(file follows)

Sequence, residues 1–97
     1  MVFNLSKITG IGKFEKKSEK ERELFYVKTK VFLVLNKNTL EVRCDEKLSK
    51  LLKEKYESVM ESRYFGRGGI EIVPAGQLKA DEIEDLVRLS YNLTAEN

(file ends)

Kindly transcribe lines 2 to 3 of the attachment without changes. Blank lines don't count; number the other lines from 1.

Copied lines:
     1  MVFNLSKITG IGKFEKKSEK ERELFYVKTK VFLVLNKNTL EVRCDEKLSK
    51  LLKEKYESVM ESRYFGRGGI EIVPAGQLKA DEIEDLVRLS YNLTAEN